Use this URL to cite or link to this record in EThOS: https://ethos.bl.uk/OrderDetails.do?uin=uk.bl.ethos.821093
Title: The political economy of UK-China economic relations, 1997-2015
Author: Fry, Samuel Nathan
ISNI:       0000 0004 9358 0541
Awarding Body: University of Warwick
Current Institution: University of Warwick
Date of Award: 2019
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Abstract:
This thesis seeks to explain the evolution of UK-China economic relations in the period 1997-2015. The UK and China are two of the most powerful countries in the world, with large economies, sizeable military expenditures and considerable voice in international institutions. China has seen substantial economic growth throughout the period, overtaking the UK in terms of total GDP in the late 2000s. Perceptions of China have also changed, as the 1990s optimism of the ‘unipolar moment’ changed by the 2010s to a greater recognition of the potential challenge China poses to the liberal global order. This thesis aim to fill the gap in UK-China literature by exploring how bilateral economic relations have changed as China has grown and played a more active global role during the period. To do this, a four-level game model based upon Putnam’s (1988) two-level game is built to make sense of the relevant domestic, national and supernational actors and to identify the changes that have occurred. There are five games on four levels: the UK domestic politics, the Chinese domestic politics, the EU, international institutions and then the bilateral relationship. Changes have occurred in each of these games, but Chinese economic growth is the most important factor. The thesis is structured around four main topics: human rights, trade, investment and finance. Each of these topics is analysed empirically using archival work, elite interviews and quantitative analysis. The thesis argues that UK-China relations have been predominantly an economic relationship with human rights having been reduced in significance as China became more powerful. The primary source of this power was investment, as the UK economy became sensitive to Chinese government decision making. However, whilst there has undoubtedly been a power shift, this shift has been exaggerated by perceptions of China as a rising superpower.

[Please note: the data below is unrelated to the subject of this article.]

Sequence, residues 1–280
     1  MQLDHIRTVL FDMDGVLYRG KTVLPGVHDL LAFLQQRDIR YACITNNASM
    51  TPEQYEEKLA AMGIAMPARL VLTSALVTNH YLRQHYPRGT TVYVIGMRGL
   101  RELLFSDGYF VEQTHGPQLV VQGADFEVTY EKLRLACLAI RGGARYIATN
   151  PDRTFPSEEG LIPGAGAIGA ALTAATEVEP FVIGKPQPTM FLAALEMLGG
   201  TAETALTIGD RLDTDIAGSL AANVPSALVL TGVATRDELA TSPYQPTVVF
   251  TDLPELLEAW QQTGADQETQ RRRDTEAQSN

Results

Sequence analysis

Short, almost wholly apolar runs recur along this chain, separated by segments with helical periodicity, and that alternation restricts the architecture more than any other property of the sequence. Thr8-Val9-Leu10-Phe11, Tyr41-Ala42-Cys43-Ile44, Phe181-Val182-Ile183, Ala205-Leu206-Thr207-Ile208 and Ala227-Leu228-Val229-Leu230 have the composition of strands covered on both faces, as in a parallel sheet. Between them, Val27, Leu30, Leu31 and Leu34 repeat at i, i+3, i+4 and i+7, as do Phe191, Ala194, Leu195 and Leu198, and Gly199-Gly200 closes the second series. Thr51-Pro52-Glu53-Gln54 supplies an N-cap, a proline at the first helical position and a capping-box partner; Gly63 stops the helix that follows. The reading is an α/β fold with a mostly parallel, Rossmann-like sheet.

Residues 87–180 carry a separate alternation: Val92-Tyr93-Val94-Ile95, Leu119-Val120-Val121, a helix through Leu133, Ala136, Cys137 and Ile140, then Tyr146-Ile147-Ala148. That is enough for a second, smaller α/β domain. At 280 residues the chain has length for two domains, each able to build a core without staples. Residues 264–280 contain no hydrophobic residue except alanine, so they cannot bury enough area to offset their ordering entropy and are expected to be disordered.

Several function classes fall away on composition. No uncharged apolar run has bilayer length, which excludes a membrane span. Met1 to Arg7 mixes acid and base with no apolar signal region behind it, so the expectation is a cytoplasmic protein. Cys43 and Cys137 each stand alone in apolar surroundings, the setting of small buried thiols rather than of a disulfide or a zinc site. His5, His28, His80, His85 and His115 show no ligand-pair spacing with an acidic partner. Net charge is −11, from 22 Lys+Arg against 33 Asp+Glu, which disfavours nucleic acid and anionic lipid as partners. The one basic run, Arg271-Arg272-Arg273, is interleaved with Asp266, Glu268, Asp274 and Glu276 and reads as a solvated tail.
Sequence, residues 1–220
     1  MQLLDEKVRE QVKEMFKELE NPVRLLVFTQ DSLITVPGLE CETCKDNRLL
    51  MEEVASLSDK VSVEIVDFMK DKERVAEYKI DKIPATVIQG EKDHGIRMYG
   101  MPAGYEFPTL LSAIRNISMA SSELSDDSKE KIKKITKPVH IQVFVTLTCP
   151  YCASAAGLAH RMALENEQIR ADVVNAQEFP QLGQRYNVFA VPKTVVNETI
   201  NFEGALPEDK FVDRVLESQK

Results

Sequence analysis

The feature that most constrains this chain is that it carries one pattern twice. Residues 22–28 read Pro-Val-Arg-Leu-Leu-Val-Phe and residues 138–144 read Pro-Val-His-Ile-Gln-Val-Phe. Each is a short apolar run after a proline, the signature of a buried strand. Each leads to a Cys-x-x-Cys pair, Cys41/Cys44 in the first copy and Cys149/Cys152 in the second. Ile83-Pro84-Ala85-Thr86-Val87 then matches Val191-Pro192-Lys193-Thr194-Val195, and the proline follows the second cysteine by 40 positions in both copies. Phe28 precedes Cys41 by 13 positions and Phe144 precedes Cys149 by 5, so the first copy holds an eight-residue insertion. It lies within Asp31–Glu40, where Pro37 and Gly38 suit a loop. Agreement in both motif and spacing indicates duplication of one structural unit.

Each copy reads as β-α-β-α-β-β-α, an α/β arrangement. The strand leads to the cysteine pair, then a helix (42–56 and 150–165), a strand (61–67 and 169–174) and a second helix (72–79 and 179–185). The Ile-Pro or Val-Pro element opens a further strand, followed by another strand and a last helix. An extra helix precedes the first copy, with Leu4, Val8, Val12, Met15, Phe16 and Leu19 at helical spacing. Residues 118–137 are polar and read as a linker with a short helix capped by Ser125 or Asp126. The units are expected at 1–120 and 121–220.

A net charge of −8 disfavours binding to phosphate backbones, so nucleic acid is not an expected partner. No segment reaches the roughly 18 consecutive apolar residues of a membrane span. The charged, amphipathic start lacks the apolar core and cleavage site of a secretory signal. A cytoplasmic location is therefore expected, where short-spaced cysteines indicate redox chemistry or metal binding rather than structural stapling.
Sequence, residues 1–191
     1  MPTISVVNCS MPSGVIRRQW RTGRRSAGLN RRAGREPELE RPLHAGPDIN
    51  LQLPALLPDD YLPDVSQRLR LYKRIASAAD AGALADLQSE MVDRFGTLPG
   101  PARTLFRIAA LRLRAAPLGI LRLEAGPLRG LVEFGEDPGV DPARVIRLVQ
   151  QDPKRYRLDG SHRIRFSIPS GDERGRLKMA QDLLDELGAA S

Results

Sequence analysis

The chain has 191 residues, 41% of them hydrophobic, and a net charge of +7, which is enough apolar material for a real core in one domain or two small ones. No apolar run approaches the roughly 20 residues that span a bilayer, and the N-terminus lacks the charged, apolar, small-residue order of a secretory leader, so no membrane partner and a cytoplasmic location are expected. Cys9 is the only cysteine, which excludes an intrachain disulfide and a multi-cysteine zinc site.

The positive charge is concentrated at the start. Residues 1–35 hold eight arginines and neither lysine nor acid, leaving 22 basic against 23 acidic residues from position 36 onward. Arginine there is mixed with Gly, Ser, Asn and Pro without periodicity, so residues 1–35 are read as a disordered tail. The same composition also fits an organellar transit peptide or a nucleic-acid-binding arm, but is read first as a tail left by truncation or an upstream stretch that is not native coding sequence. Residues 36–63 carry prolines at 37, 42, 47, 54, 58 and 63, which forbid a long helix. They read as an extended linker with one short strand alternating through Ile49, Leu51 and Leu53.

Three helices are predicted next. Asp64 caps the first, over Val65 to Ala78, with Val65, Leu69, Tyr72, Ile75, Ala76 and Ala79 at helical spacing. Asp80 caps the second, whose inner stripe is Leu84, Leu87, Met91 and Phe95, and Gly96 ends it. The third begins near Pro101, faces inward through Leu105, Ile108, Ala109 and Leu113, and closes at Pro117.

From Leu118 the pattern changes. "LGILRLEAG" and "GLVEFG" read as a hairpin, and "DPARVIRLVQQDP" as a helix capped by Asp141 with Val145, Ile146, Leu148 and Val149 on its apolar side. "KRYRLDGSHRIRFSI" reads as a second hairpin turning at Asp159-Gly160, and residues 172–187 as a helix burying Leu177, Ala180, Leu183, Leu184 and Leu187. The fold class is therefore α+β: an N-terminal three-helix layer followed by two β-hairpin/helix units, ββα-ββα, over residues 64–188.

Supervisor: Not available Sponsor: Not available
Qualification Name: Thesis (Ph.D.) Qualification Level: Doctoral
EThOS ID: uk.bl.ethos.821093  DOI: Not available
Keywords: HC Economic History and Conditions ; HF Commerce
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